Cardinal Canizares: Vatican II was not a break in Church’s tradition

The prefect of the Congregation for Divine Worship and the Discipline of the Sacraments, Cardinal Antonio Canizares, recently explained to CNA that Vatican II “was not at all a break” with the tradition of the Church.
The cardinal’s comments came in response to a question about the main obstacle preventing dialogue between the Holy See and the Society of St. Pius X.  In 2009, Pope Benedict XVI lifted the excommunication against four bishops ordained in 1991 by Archbishop Marcel Lefebvre, who died excommunicated.

The Lefebvrists have held since their founding that Vatican II was a break with the Church’s tradition, and therefore they have rejected the magisterium of every Pope beginning with John XXIII.
The Spanish cardinal said the main obstacle is that the Lefebvrists do not accept “that there has been no break at all with tradition; tradition continues to be alive and open, and Vatican II is (part of the) tradition.”  Unity in the Church cannot be achieved by ignoring the council’s place in the Church’s tradition, he said.
Cardinal Canizares explained later that while he is unfamiliar with the specifics surrounding the dialogue with the Lefebvrists, “I do know one thing, which is that the Pope and the Church are very willing and have a great desire for there to be unity and for those who have left the Church to return to full communion.”
Society of St. Pius X

On July 5, after the Society of St. Pius X ordained 20 men to the priesthood in Switzerland, Germany and the United Sates, Vatican spokesman Father Federico Lombardi told CNA the ordinations were illegitimate. He reiterated what the Vatican said in 2009, “As long as the Society does not have canonical status … its ministers do not exercise a legitimate ministry in the Church.”  Fr. Lombardi added that such status could not be defined “until doctrinal matters are clarified.”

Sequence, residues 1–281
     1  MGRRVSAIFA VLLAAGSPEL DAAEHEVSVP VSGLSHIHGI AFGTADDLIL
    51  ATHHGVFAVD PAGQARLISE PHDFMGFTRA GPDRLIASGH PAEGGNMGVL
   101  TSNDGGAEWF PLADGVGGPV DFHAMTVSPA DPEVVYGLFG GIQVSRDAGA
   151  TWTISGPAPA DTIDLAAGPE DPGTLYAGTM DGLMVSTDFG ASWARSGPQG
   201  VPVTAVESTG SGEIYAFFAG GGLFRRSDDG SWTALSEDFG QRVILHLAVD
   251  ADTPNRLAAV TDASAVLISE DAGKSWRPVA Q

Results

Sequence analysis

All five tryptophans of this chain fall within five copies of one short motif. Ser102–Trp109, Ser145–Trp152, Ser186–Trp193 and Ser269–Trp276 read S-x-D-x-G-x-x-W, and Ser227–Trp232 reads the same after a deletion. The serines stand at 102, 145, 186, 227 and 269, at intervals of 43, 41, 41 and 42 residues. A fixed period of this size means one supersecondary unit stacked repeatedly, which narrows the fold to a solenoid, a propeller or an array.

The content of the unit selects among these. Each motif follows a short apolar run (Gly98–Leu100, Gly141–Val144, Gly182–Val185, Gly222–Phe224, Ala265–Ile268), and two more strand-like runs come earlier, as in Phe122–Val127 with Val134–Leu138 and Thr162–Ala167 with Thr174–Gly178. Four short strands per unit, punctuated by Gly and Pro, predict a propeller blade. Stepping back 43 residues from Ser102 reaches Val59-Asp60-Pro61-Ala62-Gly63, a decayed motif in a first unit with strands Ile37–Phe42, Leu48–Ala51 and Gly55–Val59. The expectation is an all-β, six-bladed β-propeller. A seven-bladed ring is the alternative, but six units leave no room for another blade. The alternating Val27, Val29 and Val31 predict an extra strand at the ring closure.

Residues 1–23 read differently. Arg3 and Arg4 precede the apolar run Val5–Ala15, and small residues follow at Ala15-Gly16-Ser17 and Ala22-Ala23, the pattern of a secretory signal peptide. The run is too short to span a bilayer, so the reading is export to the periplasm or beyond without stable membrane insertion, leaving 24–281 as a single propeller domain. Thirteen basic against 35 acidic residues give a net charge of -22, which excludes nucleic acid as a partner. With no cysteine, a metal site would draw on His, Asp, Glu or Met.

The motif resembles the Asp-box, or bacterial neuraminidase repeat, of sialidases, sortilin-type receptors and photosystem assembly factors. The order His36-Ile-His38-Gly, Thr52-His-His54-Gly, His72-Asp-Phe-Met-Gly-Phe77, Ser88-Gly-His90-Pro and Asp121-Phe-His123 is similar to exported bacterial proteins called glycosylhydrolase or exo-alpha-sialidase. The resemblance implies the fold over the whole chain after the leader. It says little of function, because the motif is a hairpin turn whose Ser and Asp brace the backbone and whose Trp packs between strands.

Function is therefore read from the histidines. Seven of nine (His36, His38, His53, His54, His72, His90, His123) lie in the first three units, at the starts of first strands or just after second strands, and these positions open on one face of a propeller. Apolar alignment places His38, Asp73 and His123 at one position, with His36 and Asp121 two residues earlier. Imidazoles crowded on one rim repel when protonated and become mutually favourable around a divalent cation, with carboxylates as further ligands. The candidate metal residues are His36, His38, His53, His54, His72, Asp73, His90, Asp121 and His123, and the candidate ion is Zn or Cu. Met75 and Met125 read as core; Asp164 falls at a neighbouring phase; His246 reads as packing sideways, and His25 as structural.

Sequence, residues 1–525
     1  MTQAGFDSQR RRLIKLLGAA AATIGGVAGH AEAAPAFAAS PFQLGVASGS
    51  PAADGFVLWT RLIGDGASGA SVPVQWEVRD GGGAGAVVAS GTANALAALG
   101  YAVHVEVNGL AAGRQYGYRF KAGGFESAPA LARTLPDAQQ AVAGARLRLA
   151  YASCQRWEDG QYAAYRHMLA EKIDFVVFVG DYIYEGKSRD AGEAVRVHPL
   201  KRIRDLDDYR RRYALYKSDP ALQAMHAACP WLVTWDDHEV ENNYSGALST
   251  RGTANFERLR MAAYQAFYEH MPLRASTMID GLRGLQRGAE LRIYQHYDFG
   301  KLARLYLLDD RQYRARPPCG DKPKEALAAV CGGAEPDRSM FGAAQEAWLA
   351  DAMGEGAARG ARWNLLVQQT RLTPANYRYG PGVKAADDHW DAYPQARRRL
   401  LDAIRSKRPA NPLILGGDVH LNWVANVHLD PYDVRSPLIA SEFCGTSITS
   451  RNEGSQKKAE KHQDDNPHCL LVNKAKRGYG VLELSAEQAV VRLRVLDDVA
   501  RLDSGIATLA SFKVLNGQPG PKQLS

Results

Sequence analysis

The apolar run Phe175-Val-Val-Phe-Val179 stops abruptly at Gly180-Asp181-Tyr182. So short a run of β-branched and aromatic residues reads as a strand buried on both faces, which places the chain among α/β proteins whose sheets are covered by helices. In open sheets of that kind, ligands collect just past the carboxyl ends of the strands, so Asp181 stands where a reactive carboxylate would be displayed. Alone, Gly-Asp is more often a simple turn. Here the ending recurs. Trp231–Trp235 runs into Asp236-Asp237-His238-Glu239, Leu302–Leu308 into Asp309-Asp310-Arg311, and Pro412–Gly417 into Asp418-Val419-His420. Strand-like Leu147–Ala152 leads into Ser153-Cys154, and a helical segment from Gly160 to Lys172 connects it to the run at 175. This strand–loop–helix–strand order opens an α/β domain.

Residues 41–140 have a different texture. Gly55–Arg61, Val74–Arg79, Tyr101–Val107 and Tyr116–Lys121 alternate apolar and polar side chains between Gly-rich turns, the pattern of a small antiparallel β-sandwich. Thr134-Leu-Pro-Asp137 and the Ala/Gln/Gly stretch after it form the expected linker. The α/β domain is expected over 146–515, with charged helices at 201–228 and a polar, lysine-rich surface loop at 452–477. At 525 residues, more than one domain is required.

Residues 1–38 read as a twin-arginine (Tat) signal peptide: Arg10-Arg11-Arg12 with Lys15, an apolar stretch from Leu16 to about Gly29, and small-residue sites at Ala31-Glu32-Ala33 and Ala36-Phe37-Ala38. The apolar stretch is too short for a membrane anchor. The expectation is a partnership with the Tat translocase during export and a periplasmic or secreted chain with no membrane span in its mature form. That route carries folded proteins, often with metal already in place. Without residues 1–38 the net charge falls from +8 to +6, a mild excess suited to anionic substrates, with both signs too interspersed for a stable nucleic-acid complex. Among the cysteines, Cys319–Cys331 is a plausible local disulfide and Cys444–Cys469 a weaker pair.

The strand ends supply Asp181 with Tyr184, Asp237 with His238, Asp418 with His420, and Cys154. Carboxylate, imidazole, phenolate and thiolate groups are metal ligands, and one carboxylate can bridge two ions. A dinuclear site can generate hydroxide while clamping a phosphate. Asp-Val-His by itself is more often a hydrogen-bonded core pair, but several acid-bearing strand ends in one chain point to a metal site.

The lifting of the excommunication

On January 24, 2009, Benedict XVI decided to lift the excommunication imposed on four bishops ordained by Lefebvre: Bernard Fellay, the current leader of the society, Richard Williamson, Alfonso de Galarreta and Tissier de Mallerais.
On January 28, 2009, at the conclusion of his general audience, the Pope explained the decision to lift the excommunication as “an act of paternal compassion” and that it was made “because these Bishops repeatedly manifested their active suffering for the situation in which they had found themselves. 

“I hope that this gesture of mine will be followed by an earnest commitment on their behalf to complete the necessary further steps to achieve full communion with the Church, thus witnessing true fidelity to, and true recognition of, the Magisterium and the authority of the Pope and the Second Vatican Council,” he said.
The Vatican Secretary of State further clarified the extent of the Pope’s actions on February 4, 2009, and said the four bishops are obliged to grant “full recognition to the Second Vatican Council” and to the teachings of all the Popes since Pius XII.
The statement also required Bishop Richard Williamson to distance himself from the statements he previously made questioning the Holocaust, which were unknown to the Holy See at the time of the lifting of the excommunication. 

“The remission of the excommunication has freed the four bishops from a very serious canonical penalty, but it has not changed the juridical status of the Society of Saint Pius X, which presently does not enjoy any canonical recognition by the Catholic Church. The four bishops, even though they have been released from excommunication, have no canonical function in the Church and do not licitly exercise any ministry within it,” the statement said.
Lefebrivst rejection of the Pope’s outreach

In January of 2010 Bishop Richard Williamson said the negotiations between the Society of St. Pius X and the Vatican were “a conversation between the deaf” that would never result in an agreement because the positions of both sides were “absolutely irreconcilable.”
In February of 2011, Bishop Bernard Fellay confirmed Williamson’s opinion, and in an interview with members of the society in the United States he said that talks with the Holy See were unsuccessful in convincing Vatican officials that the Church needs to return to a state prior to Vatican II.  

Fellay said the Holy See told them that "doctrinal problems exist with the Society and that they must be clarified before canonical recognition” can be granted.

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